Why sleep is a vital weapon against dementia

No matter how young or old we are, most of us experience the odd memory lapse. Perhaps it will be forgetting where you put the car keys, or what you went to get from upstairs.
Thankfully, these moments pass. But for those with dementia there is no such relief. Imagine what it's like being unable to recall what you'd done an hour before. Or not remembering how to navigate around your own house or the names of your nearest and dearest. Or knowing what everyday things are for, such as a fridge.
Getting overtired: If the brain is tired, it affects the memory even for those without dementia. Recently, scientists have found out why. During deep sleep, brain waves move memories from the hippocampus - the area of the brain that is involved in short-term memory - to the prefrontal cortex at the front of the brain, where long-term memories are stored.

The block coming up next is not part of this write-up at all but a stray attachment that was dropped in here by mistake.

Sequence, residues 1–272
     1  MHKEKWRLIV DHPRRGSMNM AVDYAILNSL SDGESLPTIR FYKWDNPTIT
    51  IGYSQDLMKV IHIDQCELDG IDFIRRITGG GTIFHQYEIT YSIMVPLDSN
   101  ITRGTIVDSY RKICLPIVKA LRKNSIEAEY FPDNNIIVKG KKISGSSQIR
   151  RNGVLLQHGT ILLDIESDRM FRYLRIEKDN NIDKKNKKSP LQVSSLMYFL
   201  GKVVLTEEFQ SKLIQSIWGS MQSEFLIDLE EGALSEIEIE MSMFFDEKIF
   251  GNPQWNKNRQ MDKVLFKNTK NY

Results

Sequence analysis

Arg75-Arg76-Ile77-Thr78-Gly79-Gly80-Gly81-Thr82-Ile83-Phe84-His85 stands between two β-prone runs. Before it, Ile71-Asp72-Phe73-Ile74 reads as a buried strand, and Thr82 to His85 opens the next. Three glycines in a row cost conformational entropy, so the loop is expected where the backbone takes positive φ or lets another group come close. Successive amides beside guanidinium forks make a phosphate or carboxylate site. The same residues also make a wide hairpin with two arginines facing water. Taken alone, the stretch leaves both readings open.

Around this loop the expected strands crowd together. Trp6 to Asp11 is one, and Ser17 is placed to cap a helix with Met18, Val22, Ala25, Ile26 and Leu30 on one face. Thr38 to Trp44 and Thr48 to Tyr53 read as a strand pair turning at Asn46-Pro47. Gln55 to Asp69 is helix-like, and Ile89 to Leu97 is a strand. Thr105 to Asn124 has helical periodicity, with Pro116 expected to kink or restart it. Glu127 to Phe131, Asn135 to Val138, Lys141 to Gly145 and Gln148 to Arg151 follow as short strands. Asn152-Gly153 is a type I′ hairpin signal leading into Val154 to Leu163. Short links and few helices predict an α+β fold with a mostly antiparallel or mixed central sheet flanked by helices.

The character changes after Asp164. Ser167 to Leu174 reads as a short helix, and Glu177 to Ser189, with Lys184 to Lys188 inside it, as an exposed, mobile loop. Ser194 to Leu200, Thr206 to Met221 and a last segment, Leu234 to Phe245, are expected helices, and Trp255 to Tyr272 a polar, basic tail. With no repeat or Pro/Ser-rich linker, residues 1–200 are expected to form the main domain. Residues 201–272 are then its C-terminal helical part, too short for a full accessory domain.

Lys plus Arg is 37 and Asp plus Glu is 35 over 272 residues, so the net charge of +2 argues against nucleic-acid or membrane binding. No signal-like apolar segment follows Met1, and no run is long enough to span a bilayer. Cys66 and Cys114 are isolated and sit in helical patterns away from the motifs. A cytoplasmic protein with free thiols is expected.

If this doesn't happen, short-term memories get overwritten with new ones and the consequence is forgetfulness, according to researchers at the University of California, Berkeley.
It is a common misconception that we need less sleep as we get older - in fact we need just as much, the problem is that older people find it harder to reach a deeper sleep.

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